Near DurangoSkies near Durango CO

Cortez was the destination we had in mind. Between Pagosa Springs and Durango the skies got much more interesting. The clouds were dark, sparking lightning and the rain shafts looked ominous. We ran into light rain near Durango and wasted no time getting out of the edge of the city and through the canyon on the other side. We traveled in and out of light rain all the way to Cortez. The rain got heavier as we entered town. We looked at motels, but quickly decided on one for which I remembered good reviews. We managed to get checked into the Tomahawk Lodge, hurriedly unpacked and got The Ride covered before the downpour. We had heavy rain, thunder and lightning the rest of the evening. Now, there was fast food a short walk away but it would be an ankle deep, wet walk. Tim found beer in a mad dash at a convenience store in the gas station across the street. I found a Pizza Hut in the phone book and ordered pizza and wings. We iced the beer down in one of the room's trash cans and dined at the small table in our room.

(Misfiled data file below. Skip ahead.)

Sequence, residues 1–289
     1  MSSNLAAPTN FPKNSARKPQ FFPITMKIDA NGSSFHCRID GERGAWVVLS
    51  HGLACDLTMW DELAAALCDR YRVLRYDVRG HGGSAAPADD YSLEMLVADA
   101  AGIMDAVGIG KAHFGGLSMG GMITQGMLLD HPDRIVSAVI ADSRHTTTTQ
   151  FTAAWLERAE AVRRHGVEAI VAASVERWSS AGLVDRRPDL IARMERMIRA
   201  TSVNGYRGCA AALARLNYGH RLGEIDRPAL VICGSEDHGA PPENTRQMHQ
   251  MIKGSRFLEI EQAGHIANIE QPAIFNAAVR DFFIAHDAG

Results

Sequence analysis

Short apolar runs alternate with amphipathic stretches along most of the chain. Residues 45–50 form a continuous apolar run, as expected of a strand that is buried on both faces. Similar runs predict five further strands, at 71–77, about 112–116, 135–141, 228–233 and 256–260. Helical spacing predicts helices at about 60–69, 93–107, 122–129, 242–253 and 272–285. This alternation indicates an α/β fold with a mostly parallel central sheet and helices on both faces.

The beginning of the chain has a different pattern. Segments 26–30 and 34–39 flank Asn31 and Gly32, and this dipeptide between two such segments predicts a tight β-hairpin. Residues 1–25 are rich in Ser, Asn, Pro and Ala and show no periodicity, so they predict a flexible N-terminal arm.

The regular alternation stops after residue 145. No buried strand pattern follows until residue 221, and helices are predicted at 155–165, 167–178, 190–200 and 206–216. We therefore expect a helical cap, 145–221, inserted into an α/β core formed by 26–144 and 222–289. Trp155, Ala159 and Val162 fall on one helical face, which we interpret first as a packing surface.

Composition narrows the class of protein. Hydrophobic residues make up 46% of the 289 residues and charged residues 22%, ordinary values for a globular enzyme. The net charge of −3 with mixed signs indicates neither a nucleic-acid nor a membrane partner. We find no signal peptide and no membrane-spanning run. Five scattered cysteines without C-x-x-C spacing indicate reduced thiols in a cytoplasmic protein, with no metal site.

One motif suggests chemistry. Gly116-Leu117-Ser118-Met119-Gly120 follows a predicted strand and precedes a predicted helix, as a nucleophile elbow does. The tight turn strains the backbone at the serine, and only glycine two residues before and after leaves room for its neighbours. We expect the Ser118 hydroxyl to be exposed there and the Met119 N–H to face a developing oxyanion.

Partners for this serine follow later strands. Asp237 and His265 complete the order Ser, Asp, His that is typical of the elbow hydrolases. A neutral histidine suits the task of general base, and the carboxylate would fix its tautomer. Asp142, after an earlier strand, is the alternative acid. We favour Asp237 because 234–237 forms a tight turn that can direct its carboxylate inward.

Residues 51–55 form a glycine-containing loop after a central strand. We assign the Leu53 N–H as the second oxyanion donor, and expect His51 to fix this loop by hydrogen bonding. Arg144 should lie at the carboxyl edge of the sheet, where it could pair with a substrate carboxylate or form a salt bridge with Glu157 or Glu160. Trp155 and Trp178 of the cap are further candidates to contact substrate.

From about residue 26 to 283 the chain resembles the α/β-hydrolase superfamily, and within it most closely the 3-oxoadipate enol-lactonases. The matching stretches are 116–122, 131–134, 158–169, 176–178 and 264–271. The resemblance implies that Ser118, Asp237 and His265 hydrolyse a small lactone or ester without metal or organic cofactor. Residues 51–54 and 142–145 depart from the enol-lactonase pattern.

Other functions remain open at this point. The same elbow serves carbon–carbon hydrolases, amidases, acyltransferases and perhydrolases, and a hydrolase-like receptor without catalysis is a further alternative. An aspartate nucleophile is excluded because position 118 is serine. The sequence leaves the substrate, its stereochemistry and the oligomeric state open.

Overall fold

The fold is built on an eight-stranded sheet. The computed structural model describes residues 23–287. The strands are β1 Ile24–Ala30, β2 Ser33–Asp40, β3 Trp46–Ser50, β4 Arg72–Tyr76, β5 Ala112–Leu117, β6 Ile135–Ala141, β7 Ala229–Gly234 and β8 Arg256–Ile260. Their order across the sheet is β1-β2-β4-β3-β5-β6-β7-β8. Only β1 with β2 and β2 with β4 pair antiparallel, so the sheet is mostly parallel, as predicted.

The Tomahawk Lodge is as nice as the reviews. Extremely clean and comfortable. The owner is very nice. She and one of her two huge black and white great danes (his name is Harley) greeted us immediately with a smile. She was happy to show us the room first. We will stay here three nights...

This day's mileage = 359 miles over five passes.

Slide show of today's ride (86 photos):


Alternate link to this video

Saturday, August 20, 2011

Road Trip #5 - Day 2, POW-MIA Recognition Ride & Veterans Rally

August 20, 2011
Colorado, USA

Day 2, 20th (part 1), POW-MIA Recognition Ride